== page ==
Such attacks are called phishing. In a phishing attack, cybercriminals usually send an email message with some popular service logo (for example, Microsoft, DHL, Amazon, Netflix), create urgency (wrong shipping address, expired password, etc.), and place a link which they hope their potential victims will click on.
After clicking the link presented in such email message, victims are redirected to a fake website that looks identical or extremely similar to the original one. Victims are then asked to enter their password, credit card details, or some other information that gets stolen by cybercriminals.
Emails with Malicious Attachments
Another popular attack vector is email spam with malicious attachments that infect users' computers with malware. Malicious attachments usually carry trojans that are capable of stealing passwords, banking information, and other sensitive information.
In such attacks, cybercriminals' main goal is to trick their potential victims into opening an infected email attachment. To achieve this goal, email messages usually talk about recently received invoices, faxes, or voice messages.
If a potential victim falls for the lure and opens the attachment, their computers get infected, and cybercriminals can collect a lot of sensitive information.
While it's a more complicated method to steal personal information (spam filters and antivirus programs usually detect such attempts), if successful, cybercriminals can get a much wider array of data and can collect information for a long period of time.
This is a type of phishing. In this case, users receive an email claiming that a cybercriminal could access the webcam of the potential victim and has a video recording of one's masturbation.
To get rid of the video, victims are asked to pay a ransom (usually using Bitcoin or another cryptocurrency). Nevertheless, all of these claims are false - users who receive such emails should ignore and delete them.
How to spot a malicious email?
While cyber criminals try to make their lure emails look trustworthy, here are some things that you should look for when trying to spot a phishing email:
- Check the sender's ("from") email address: Hover your mouse over the "from" address and check if it's legitimate. For example, if you received an email from Microsoft, be sure to check if the email address is @microsoft.com and not something suspicious like @m1crosoft.com, @microsfot.com, @account-security-noreply.com, etc.
- Check for generic greetings: If the greeting in the email is "Dear user", "Dear @youremail.com", "Dear valued customer", this should raise suspiciousness. Most commonly, companies call you by your name. Lack of this information could signal a phishing attempt.
- Check the links in the email: Hover your mouse over the link presented in the email, if the link that appears seems suspicious, don't click it. For example, if you received an email from Microsoft and the link in the email shows that it will go to firebasestorage.googleapis.com/v0... you shouldn't trust it. It's best not to click any links in the emails but to visit the company website that sent you the email in the first place.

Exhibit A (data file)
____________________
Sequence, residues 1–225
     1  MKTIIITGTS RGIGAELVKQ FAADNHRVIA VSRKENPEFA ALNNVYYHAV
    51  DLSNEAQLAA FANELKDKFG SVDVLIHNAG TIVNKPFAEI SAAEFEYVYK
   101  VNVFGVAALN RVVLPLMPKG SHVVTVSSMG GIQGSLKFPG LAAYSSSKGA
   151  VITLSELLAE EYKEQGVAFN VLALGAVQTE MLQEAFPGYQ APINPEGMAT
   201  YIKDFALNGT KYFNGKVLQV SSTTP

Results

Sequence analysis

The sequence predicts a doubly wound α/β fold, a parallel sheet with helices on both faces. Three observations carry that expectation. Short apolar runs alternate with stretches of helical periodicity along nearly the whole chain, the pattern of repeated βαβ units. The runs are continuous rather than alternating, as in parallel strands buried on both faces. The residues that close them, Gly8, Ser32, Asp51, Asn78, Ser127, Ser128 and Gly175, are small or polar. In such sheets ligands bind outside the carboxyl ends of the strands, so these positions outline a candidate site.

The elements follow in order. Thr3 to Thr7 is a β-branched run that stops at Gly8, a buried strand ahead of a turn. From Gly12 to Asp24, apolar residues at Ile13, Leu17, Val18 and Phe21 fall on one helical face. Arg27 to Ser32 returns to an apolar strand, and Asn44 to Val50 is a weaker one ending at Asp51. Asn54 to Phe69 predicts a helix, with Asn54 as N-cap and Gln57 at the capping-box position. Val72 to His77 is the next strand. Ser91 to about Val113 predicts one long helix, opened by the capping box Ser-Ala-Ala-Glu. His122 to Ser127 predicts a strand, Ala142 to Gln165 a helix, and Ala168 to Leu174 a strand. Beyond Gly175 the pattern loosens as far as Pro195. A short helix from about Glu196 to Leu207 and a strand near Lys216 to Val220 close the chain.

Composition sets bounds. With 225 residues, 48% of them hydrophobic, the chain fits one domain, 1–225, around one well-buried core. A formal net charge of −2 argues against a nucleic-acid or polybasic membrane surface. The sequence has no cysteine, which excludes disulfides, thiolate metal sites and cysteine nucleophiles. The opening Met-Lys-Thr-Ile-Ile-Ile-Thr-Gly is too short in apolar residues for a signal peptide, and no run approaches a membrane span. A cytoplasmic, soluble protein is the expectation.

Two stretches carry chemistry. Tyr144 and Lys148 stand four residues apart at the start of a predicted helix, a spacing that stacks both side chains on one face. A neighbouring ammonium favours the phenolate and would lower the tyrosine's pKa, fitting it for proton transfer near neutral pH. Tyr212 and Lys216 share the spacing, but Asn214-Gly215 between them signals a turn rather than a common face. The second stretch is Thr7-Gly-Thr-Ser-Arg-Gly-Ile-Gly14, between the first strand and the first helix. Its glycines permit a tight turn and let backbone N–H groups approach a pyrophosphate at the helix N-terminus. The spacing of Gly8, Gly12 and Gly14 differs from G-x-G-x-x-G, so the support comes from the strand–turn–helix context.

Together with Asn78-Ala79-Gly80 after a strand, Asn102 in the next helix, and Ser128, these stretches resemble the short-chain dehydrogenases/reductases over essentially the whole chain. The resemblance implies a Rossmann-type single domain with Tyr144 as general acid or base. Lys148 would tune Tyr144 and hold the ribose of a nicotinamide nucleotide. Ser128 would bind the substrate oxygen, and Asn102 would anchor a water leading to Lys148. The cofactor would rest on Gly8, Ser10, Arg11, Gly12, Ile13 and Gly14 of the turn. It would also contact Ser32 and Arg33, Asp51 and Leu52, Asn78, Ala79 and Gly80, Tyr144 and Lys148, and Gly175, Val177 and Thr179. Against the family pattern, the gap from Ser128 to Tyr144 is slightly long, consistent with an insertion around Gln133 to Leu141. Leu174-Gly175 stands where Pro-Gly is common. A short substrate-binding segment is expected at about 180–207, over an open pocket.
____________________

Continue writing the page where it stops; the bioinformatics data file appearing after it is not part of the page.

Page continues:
- Don't blindly trust email attachments: Most commonly, legitimate companies will ask you to log in to their website and to view any documents there; if you received an email with an attachment, it's a good idea to scan it with an antivirus application. Infected email attachments are a common attack vector used by cybercriminals.
To minimise the risk of opening phishing and malicious emails we recommend using Combo Cleaner Antivirus for Windows.
Example of a spam email:
What to do if you fell for an email scam?
- If you clicked on a link in a phishing email and entered your password - be sure to change your password as soon as possible. Usually, cybercriminals collect stolen credentials and then sell them to other groups that use them for malicious purposes. If you change your password in a timely manner, there's a chance that criminals won't have enough time to do any damage.
- If you entered your credit card information - contact your bank as soon as possible and explain the situation. There's a good chance that you will need to cancel your compromised credit card and get a new one.
- If you see any signs of identity theft - you should immediately contact the Federal Trade Commission. This institution will collect information about your situation and create a personal recovery plan.
- If you opened a malicious attachment - your computer is probably infected, you should scan it with a reputable antivirus application. For this purpose, we recommend using Combo Cleaner Antivirus for Windows.
- Help other Internet users - report phishing emails to Anti-Phishing Working Group, FBI’s Internet Crime Complaint Center, National Fraud Information Center and U.S. Department of Justice.
Frequently Asked Questions (FAQ)
Why did I receive this email?
Spam emails are not personal. These letters are distributed in mass-scale operations - hence, thousands of users receive identical messages.
I have read a spam email but didn't open the attachment, is my computer infected?
No, just opening/reading a spam letter will not initiate any malware download/installation processes. Infections begin when the attachments or links found in these emails are opened/clicked.
I have downloaded and opened a file attached to a spam email, is my computer infected?
Whether the system was infected might depend on the opened file's format. If it was an executable (.exe, .run, etc.) - most likely, yes. However, document formats (.doc, .xls, .pdf, etc.) may require additional actions (e.g., enabling macro commands) - to begin downloading/installing malicious software.
Will Combo Cleaner remove malware infections present in email attachments?
Yes, Combo Cleaner is designed to detect and remove threats. It is capable of eliminating nearly all of the known malware infections. Keep in mind that performing a complete system scan is essential - since high-end malicious programs typically hide deep within systems.